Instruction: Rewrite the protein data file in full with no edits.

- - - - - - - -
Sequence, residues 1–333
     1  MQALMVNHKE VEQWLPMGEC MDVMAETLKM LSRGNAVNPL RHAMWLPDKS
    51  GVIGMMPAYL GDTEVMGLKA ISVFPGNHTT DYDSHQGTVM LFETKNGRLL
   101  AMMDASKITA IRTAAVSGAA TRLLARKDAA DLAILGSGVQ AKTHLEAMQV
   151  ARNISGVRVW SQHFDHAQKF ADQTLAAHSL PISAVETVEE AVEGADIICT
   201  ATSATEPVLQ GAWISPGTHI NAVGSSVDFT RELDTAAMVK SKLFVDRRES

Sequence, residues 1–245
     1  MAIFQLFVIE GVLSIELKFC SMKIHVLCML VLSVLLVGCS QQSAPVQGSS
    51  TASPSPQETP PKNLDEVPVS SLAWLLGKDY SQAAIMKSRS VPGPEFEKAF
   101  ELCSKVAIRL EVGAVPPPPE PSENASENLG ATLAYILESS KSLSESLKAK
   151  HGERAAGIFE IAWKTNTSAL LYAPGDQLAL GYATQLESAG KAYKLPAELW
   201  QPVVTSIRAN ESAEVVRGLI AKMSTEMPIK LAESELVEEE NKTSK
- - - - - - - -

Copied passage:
Sequence, residues 1–333
     1  MQALMVNHKE VEQWLPMGEC MDVMAETLKM LSRGNAVNPL RHAMWLPDKS
    51  GVIGMMPAYL GDTEVMGLKA ISVFPGNHTT DYDSHQGTVM LFETKNGRLL
   101  AMMDASKITA IRTAAVSGAA TRLLARKDAA DLAILGSGVQ AKTHLEAMQV
   151  ARNISGVRVW SQHFDHAQKF ADQTLAAHSL PISAVETVEE AVEGADIICT
   201  ATSATEPVLQ GAWISPGTHI NAVGSSVDFT RELDTAAMVK SKLFVDRRES

Sequence, residues 1–245
     1  MAIFQLFVIE GVLSIELKFC SMKIHVLCML VLSVLLVGCS QQSAPVQGSS
    51  TASPSPQETP PKNLDEVPVS SLAWLLGKDY SQAAIMKSRS VPGPEFEKAF
   101  ELCSKVAIRL EVGAVPPPPE PSENASENLG ATLAYILESS KSLSESLKAK
   151  HGERAAGIFE IAWKTNTSAL LYAPGDQLAL GYATQLESAG KAYKLPAELW
   201  QPVVTSIRAN ESAEVVRGLI AKMSTEMPIK LAESELVEEE NKTSK